Please Don't Ask Why There Are so Few Black CEOs | Opinion

Last week, Merck CEO Kenneth C. Frazier announced his plans to retire in the spring. While the business community celebrates Frazier's success and industry leadership, many of us will also mourn his departure. Frazier is one of only four Black Fortune 500 CEOs.

For a few brief months, once Roz Brewer begins her tenure as CEO of Walgreens Boots Alliance and before Frazier steps down, that number will rise to five. Brewer's recent appointment was a win long overdue. Yet, again, the news is bittersweet. She will be the only black woman among female Fortune 500 chiefs, which reached a record high of 41 last November.

As we mark another Black History Month, headlines like these are fresh reminders that so few Black professionals hold seats of power. The C-Suite is indeed rare air. It seems the glass ceiling shatters only to be swiftly restored by so many invisible hands, as if prefabricated and in easy supply.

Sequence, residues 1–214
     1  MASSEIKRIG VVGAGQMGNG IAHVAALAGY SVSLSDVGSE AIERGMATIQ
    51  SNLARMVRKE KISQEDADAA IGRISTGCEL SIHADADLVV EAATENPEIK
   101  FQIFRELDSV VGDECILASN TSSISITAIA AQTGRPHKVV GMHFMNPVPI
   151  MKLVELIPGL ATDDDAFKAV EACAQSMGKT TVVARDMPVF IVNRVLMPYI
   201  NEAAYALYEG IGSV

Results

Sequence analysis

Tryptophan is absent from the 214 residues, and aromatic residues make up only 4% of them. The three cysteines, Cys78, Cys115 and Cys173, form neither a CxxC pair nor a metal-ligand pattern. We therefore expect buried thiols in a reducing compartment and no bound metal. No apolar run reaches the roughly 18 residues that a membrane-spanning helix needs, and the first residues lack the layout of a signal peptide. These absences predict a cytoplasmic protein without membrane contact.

For this reason, it is painfully frustrating when people ask, "Why are there so few Black CEOs?" For those of us tasked with providing an answer—and it's often Black professionals to whom this question is directed—it's as if the world is weaponizing ignorance of racism against us. The question is aging poorly because the answer is abundantly clear.

At Coqual, our 2019 Being Black in Corporate America research found that despite higher levels of ambition, Black professionals face bias and disproportionate barriers to success and advancement in the workplace. On average, 58 percent of Black professionals in the U.S. experience racial prejudice at work, and in some regions it is far worse (79 percent of Black professionals in the Midwest, for example).

Black professionals are 30 percent less likely than their white counterparts to have access to senior leaders at work. Nearly one-third say their colleagues underestimate their intelligence. Nearly one in five feel that someone of their race or ethnicity would never achieve a C-Suite or CEO role at their company.

Bias and lack of access make for a narrow path forward. It's hard to be what you cannot see.